As the entire system of training depends on structural violence, there can never be the nai've hope that dominant elites will simply abandon this practice; it is one of the key imperatives of the entire system which includes schooling, training regimes, business schools, and so on. Occasionally, this naive hope has been expressed in ideologies such as “The Third Way” and the social-democratic hallucination of “why isn’t capitalism just nice”.14 Given what has been outlined above and not despite of but rather because of a transferral of open and direct brutality into institutions creating structural violence—the educational-ideological apparatus of capitalism can never fulfil the social-democratic hallucinogenic illusions of “humane capitalism”.

Set against social-democratic illusions of nice capitalism and the practical (managerial regimes) and ideological (Managerialism/neo-liberalism) forces of domination remains the emancipatory objective that calls to attention the true humanists of education that cannot but reject the domination-cementing methods of the knowledge-depositing ideas of training regimes. Out of the rejection of structural violence in the form of domineering institutions comes a pursuit of emancipation as negation of what exists under managerial capitalism. But as a post-managerial and post-capitalist society may inherit methods from those cementing domination, emancipation demands to end these. An emancipatory society that still practises knowledge-depositing training regimes displays a fundamental mistake and distrusts the emancipatory potentials of human beings. In either case, such a society will—inevitably—be threatened by the spectre of domination.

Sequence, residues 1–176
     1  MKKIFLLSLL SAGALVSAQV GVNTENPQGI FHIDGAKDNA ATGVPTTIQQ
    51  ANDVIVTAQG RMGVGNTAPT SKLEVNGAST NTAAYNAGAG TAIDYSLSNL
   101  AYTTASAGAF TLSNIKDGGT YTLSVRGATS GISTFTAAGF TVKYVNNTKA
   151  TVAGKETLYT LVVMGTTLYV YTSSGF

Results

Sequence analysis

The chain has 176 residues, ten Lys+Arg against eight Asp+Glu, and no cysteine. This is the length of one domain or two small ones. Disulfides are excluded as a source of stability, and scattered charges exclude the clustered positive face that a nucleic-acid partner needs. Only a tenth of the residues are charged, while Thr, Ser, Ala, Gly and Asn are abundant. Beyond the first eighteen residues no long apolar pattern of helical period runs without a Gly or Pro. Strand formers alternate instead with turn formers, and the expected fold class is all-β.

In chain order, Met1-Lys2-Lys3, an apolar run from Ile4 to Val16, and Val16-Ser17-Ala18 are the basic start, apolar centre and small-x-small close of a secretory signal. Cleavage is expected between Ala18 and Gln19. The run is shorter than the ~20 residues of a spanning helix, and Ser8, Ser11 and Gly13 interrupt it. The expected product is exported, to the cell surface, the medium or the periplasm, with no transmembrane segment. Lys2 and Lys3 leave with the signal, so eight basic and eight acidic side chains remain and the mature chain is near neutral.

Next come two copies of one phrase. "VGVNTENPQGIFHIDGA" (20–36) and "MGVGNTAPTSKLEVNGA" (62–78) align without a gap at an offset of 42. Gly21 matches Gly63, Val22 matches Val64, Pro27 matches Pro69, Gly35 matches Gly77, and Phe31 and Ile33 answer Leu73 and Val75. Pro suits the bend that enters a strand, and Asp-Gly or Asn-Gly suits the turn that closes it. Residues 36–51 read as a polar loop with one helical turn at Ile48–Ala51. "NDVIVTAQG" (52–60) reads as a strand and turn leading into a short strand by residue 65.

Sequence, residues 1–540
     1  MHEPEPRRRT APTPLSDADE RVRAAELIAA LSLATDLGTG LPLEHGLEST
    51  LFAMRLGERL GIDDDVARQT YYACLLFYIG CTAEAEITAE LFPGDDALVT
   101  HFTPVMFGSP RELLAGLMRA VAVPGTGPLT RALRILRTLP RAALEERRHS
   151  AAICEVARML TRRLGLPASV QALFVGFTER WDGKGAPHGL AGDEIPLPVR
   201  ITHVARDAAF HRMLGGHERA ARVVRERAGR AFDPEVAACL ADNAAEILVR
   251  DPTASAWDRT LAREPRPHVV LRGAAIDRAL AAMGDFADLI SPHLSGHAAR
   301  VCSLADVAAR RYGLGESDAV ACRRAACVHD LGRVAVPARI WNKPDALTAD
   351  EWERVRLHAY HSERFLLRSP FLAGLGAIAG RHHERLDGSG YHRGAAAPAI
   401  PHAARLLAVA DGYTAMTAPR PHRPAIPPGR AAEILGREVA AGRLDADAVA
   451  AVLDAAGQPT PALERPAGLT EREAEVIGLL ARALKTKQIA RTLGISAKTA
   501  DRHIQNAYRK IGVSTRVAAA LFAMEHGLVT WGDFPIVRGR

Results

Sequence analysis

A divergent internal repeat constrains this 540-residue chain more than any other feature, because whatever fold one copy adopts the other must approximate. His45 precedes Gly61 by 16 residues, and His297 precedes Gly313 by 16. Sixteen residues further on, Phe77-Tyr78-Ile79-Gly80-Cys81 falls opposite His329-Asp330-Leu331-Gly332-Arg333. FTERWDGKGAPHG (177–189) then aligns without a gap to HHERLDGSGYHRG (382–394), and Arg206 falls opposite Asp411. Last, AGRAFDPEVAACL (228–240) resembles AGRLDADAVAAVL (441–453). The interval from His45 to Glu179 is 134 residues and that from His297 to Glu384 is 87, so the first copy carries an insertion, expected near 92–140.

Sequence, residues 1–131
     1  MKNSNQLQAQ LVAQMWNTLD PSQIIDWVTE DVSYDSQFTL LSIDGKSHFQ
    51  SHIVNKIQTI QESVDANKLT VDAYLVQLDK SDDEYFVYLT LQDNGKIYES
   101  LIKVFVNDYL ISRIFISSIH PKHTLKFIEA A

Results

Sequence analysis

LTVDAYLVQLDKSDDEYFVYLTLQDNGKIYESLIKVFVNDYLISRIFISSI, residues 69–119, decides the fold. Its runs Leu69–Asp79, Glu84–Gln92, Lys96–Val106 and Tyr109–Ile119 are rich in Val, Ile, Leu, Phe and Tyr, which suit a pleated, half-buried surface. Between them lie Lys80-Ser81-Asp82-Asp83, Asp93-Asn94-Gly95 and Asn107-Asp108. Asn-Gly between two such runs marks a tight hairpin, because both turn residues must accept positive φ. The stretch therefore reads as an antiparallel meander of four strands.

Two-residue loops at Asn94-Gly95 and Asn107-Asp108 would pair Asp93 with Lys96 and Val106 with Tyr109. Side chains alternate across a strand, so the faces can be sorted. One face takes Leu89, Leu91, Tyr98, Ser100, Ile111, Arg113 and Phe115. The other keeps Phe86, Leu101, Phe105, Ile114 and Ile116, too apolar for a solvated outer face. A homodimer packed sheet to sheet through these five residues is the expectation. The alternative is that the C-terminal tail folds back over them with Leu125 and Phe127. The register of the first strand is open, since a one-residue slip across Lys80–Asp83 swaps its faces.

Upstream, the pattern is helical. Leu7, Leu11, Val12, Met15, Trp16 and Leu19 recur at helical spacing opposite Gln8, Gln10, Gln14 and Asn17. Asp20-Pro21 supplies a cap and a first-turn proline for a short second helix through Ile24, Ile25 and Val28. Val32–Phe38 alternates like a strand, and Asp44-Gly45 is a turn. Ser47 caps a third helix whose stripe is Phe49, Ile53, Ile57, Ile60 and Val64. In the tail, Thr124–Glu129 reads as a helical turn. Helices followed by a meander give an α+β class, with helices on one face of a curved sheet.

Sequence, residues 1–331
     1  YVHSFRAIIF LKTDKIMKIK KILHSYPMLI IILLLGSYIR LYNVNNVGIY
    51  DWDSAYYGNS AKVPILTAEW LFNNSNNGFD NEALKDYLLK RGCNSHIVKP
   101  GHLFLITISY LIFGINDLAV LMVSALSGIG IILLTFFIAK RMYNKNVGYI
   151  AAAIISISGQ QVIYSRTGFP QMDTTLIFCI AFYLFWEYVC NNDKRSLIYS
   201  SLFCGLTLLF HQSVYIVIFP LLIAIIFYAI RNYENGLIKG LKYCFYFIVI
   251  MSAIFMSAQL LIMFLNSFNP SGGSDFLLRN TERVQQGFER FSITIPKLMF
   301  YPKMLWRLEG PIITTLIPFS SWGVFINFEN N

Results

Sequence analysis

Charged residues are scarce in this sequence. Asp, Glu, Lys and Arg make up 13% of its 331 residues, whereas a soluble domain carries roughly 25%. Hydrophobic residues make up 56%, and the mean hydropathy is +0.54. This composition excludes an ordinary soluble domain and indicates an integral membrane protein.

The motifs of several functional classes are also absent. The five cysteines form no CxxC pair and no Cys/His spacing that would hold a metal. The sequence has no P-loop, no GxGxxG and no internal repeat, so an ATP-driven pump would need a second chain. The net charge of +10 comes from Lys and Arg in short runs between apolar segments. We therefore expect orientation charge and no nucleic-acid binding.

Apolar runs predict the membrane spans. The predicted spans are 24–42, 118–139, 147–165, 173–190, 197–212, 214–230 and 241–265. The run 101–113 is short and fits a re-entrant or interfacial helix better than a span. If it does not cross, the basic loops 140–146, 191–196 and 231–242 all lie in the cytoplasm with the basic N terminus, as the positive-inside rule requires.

Unfortunately, those seeking emancipation will find themselves enclosed and often even somewhat predisposed by the ideological atmosphere upon which the knowledge-depositing idea thrives. Quite often they even fail to recognise real implications of these dehumanising ideologies. Even more dangerously and often rather paradoxically, they tend to—at least subconsciously—employ the very instruments of alienation and even domination from which they seek to be emancipated from. And, indeed, some emancipatory ideas issued by innocent and naive followers of emancipatory processes, by social-democratic day- dreamers, by good-minded reformers, and perhaps even by spontaneous actions might be able to challenge the practice of domination. In spite of this, it remains a given that the emancipatory educator can never liberate people by further alienating them. Genuine emancipation—seen as a process of ascending humanisation—can never take place by another or newer form of depositing knowledge in “to-be” dominated subjects. Emancipation always means the Aristotelian “praxis” as well as the Hegelian actualisation of real emancipatory processes. It always includes critical pedagogy and self-reflection of people under the emancipatory imperatives of transforming the world. Those truly committed to the cause of educational emancipation can neither accept the mechanistic concept of depositing knowledge into an empty vessel to be filled nor use these training methods to enhance domination in the name of a faked humanity framed as a balancing act that is trapped between domination and emancipation.